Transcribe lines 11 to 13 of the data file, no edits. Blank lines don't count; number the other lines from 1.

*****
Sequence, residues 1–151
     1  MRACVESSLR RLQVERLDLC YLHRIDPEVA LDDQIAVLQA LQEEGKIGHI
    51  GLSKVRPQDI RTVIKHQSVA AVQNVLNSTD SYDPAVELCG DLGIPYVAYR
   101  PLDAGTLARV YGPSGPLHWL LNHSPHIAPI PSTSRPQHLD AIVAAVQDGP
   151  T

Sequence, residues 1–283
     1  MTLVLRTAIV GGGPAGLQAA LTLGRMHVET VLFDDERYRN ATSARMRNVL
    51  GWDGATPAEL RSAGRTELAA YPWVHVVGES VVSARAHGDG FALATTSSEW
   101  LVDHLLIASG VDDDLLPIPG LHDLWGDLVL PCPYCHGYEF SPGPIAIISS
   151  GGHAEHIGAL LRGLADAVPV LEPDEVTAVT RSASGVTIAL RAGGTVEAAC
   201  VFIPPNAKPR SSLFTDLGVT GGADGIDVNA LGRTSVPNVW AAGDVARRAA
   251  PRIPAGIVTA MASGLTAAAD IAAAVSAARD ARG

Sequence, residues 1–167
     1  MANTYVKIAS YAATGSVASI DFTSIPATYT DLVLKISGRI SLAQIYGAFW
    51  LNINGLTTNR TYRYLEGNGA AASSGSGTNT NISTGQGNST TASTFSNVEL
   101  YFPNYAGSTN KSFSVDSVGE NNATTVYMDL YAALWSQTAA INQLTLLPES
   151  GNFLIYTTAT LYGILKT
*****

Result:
   201  VFIPPNAKPR SSLFTDLGVT GGADGIDVNA LGRTSVPNVW AAGDVARRAA
   251  PRIPAGIVTA MASGLTAAAD IAAAVSAARD ARG

Sequence, residues 1–167